JpGU-AGU Joint Meeting 2017

Presentation information

[JJ] Oral

B (Biogeosciences) » B-CG Complex & General

[B-CG10] [JJ] Interrelation between Life, Water, Mineral, and Atmosphere

Mon. May 22, 2017 1:45 PM - 3:15 PM 201B (International Conference Hall 2F)

convener:Kentaro Nakamura(Department of Systems Innovation, School of Engineering, University of Tokyo), Yohey Suzuki(Graduate School of Science, The University of Tokyo), Ken Takai(Extremobiosphere Research Center, Japan Agency for Marine-Earth Science & Technology), Yuichiro Ueno(Department of Earth and Planetary Sciences, Tokyo Institute of Technology), Chairperson:Kentaro Nakamura(Department of Systems Innovation, School of Engineering, University of Tokyo), Chairperson:Yuichiro Ueno(Department of Earth and Planetary Sciences, Tokyo Institute of Technology)

2:45 PM - 3:00 PM

[BCG10-05] Depositional environment of graphite-bearing metasedimentary rocks and banded iron formations in >3.7 Ga Isua Supracrustal Belt, West Greenland

*Yoko Ohtomo1, Takenori Kato2, Tsubasa Otake1, Takeshi Kakegawa3 (1.Faculty of Engineering, Hokkaido University, 2.Division for Chronological Research, Institute for Space-Earth Environmental Research, Nagoya University, 3.Graduate School of Science and Faculty of Science, Tohoku University)

Keywords:Isua Supracrustal Belt, rare earth element, monazite, graphite

Biogenic graphite in > 3.7 Ga metasedimenrary rocks, Isua Supracrustal Belt (ISB), West Greenland, has been reported as the oldest remnants of life (Rosing, 1999; Ohtomo et al., 2014). However, ecosystem spreaded in the >3.7Ga ocean is still poorly understood. Depositional environments of metasedimentary rocks containing biogenic graphite and surrounding banded iron formations (BIFs) could give an insight into microbial activities in the >3.7Ga ocean. Graphite-rich schist reported by Ohtomo et al. (2014) contains rare earth element (REE) minerals such as monazite, zircon and xenotime. These REE minerals could have been deriven by one or some of the following processes: detrital transport, precipitation from a seafloor hydrothermal fluid, generation during diagenesis and precipitation from a metamorphic fluid. Occurrence, geochemical composition and chronological information of the REE minerals might constrain their origin and provide information of depositional and/or alteration process of the graphite-rich schist. Here, we performed a geological survey in the west side of the ISB and investigated the petrographic and geochemical characteristics of sedimentary rocks to reconstract the depositional environment. Chemical Th-U-total Pb Isochron Method (CHIME) was conducted on monazite to determine the age.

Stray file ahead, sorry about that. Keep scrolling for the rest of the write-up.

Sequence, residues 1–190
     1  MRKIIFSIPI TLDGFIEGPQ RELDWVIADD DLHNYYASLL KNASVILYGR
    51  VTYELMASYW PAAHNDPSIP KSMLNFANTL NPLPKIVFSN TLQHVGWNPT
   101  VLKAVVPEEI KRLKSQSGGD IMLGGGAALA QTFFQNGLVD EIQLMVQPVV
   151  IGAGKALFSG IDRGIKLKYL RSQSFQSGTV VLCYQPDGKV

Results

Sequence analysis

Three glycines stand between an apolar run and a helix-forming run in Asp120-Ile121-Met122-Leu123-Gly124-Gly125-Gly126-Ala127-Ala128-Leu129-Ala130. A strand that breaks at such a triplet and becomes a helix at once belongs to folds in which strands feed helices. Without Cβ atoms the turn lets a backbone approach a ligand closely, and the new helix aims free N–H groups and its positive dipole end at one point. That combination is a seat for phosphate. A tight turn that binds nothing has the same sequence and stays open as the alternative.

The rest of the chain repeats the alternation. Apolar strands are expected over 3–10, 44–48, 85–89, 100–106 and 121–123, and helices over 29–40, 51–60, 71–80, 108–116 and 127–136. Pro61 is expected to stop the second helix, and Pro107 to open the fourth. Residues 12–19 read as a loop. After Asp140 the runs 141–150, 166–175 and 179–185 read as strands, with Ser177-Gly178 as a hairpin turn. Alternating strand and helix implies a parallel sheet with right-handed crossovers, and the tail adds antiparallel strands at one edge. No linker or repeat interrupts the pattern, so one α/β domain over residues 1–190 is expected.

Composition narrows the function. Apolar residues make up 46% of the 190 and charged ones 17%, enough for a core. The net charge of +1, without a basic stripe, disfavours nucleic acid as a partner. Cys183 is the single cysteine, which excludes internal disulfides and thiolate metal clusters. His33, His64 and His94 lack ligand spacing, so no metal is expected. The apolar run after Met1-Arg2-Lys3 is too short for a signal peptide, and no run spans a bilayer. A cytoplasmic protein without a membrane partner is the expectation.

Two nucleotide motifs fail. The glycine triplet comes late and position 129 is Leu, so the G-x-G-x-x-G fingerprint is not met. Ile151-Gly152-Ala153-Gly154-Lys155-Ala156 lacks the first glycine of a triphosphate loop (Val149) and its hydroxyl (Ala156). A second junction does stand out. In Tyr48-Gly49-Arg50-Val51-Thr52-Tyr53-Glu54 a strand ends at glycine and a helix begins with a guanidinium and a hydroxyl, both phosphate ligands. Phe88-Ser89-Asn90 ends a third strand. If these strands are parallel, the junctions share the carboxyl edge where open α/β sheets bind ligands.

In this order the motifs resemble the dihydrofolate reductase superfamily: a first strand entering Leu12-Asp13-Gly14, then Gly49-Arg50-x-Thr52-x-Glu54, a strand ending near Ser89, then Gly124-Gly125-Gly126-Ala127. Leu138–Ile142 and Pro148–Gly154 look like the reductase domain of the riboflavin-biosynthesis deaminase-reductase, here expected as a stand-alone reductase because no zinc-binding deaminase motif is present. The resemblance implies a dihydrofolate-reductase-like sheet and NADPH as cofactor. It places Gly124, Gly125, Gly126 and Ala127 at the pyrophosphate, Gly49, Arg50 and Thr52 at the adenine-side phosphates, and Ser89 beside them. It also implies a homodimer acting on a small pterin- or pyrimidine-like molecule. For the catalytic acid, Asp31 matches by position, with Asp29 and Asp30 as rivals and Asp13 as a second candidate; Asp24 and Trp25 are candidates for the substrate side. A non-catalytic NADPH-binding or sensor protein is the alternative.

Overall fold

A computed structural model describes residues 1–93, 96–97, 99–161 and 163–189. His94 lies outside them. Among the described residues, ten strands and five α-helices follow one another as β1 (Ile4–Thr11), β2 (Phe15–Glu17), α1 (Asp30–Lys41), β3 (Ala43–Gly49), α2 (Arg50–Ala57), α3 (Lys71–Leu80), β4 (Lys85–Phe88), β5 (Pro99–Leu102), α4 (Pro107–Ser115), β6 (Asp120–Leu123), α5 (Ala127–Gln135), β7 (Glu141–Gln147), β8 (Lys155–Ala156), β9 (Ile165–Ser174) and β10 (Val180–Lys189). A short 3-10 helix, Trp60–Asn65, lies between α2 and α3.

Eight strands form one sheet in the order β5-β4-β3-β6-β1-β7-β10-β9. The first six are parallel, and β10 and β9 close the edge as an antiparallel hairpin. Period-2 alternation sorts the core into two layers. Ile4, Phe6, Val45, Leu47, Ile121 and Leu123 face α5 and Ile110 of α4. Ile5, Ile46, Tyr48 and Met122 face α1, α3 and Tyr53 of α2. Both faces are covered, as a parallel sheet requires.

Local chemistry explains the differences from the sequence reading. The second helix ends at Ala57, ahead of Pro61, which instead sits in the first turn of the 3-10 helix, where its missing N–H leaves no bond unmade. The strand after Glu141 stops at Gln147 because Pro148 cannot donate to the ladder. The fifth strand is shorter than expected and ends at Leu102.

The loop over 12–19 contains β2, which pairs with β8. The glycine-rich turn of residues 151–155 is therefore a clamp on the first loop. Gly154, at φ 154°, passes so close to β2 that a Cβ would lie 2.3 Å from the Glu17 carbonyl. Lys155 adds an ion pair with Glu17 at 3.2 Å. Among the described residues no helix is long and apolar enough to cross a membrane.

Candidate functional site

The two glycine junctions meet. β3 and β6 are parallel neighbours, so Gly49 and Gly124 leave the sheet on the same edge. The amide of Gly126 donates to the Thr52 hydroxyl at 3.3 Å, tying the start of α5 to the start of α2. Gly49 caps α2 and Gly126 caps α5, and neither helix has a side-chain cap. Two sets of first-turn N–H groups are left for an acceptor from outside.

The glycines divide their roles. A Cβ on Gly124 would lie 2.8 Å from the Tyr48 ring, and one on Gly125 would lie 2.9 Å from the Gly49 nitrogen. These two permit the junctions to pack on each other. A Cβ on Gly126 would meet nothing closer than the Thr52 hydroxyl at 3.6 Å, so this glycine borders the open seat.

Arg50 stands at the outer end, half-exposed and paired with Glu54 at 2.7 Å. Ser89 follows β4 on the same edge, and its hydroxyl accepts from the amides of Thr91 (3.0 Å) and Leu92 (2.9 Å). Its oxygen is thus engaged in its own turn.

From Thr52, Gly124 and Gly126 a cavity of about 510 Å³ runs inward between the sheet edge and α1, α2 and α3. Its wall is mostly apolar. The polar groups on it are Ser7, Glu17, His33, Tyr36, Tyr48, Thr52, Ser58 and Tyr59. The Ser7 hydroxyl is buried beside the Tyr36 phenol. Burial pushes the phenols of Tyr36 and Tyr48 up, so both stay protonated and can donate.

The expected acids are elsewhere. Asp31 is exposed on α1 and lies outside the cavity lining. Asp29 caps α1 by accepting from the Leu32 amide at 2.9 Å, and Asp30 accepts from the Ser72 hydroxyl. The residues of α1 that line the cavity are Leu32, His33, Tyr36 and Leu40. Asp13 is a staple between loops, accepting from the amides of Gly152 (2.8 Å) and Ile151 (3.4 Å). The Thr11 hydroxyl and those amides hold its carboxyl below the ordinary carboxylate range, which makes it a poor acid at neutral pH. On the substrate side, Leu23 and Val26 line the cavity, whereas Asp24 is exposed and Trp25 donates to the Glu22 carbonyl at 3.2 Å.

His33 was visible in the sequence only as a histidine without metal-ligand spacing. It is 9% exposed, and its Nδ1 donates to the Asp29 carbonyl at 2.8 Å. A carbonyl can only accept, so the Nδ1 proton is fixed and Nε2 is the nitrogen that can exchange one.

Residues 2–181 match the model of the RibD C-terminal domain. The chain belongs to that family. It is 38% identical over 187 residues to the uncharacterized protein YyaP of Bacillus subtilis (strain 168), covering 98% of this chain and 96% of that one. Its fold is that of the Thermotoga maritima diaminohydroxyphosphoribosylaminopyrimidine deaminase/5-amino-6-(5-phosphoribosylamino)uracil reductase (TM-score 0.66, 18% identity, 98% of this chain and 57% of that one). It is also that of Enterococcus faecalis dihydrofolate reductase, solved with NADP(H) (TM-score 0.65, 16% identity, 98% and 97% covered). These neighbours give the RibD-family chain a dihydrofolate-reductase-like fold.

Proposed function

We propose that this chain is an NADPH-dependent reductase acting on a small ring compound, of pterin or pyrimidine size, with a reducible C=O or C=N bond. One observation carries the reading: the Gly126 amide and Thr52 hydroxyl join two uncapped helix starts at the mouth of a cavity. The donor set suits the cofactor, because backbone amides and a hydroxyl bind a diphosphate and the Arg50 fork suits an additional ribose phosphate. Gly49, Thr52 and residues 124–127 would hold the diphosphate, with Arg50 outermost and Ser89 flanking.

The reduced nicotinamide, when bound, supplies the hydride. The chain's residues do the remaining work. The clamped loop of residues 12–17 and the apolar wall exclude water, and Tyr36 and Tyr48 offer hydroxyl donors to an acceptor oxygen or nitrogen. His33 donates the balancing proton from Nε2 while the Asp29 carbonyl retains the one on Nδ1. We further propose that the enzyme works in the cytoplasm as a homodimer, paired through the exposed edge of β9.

Samples collected in the whole west side of the ISB consist of alternate layers of magnetite-amphibote-chlorite-rich and quartz-rich layers. The samples were roughly divided into magnetite-rich type, which distributed at northeast to south, and silicate-rich type, mostly distributed at northwest, based on the dominant minerals. Bulk chemical compositions of the examined samples showed that magnetite-rich type are abundant in Fe, whereas silicate-type are rich in Mg. Magnetite-rich type primarly composed of Fe-rich amphibole, grunerite, whereas silicate-rich type contains more Mg or Ca-rich amphibole. Similarly, chemical compositions of chlorite in magnetite-rich type are Fe-rich, whereas that of silicate-rich type are Mg-rich. Amphibole and chlorite compositions in graphite-rich metasedimentary rocks are Mg-rich, which is similar to silicate-type BIF samples. The results suggest that Mg-rich characteristics of BIFs and graphite-rich metasedimentary rocks at north west, and Fe-rich characteristics of BIFs at north east to south are a primary signature. Ti and Al concentrations in BIFs and graphite-rich sedimentary rocks showed a positive correlation, indicating contribution of detrital components to them. Graphite-rich schist sample consisted of graphite-chlorite- and quartz-cummingtonite-dominated microlayers, containing high amounts of REE compared to samples showing low graphite content. The graphite-rich sample contained euhedral monazite, zircon and minor xenotime 2-10 μm in diameter, which were accumulated in graphite-chlorite microlayers and concordant with orientation of lamination, whereas most of the monazite in samples showing low graphite content were anhedral. CHIME age of the monazite in graphite-rich schist samples indicated 3630±91Ma, which ranges in the ages of prograde metamorphism and detrital zircon in previous report (Nutman et al., 2009).
Considering monazite occurrence concordant with lamination of the graphite-rich schist, it is most likely that monazite was syngenetic with host rocks, probably derived from detritus and the age was modified during metamorphism, or crystalized during diagenesis to early metamorphism. Our results suggest that BIFs and graphite-rich schist at north west of west side of the ISB deposited where clastic components such as Mg, Al, Ti and REE were supplemented at a relatively high rate, evoking that photosynthetic microorganisms might have been flourished in >3.7Ga shallow ocean.
[1] Rosing, M. T. (1999) Science 283, 674–676.
[2] Ohtomo et al. (2014) Nature Geoscience, 7, 25–28.
[3] Nutman et al. (2009) Precambrian research, 172, 212–233.